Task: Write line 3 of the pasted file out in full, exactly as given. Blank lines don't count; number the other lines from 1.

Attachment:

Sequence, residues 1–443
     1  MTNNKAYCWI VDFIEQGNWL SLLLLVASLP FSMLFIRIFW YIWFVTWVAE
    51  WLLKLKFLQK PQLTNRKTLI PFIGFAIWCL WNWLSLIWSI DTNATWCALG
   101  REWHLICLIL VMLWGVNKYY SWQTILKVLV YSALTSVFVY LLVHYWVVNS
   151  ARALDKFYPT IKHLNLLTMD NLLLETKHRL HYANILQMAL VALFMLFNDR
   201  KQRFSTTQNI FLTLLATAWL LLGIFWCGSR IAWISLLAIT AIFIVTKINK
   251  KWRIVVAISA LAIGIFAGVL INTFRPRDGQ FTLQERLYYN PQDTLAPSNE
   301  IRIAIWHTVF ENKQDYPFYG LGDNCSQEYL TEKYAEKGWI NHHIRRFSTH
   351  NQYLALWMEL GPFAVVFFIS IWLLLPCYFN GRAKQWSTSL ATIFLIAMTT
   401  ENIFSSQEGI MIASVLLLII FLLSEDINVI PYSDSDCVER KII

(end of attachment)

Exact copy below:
    51  WLLKLKFLQK PQLTNRKTLI PFIGFAIWCL WNWLSLIWSI DTNATWCALG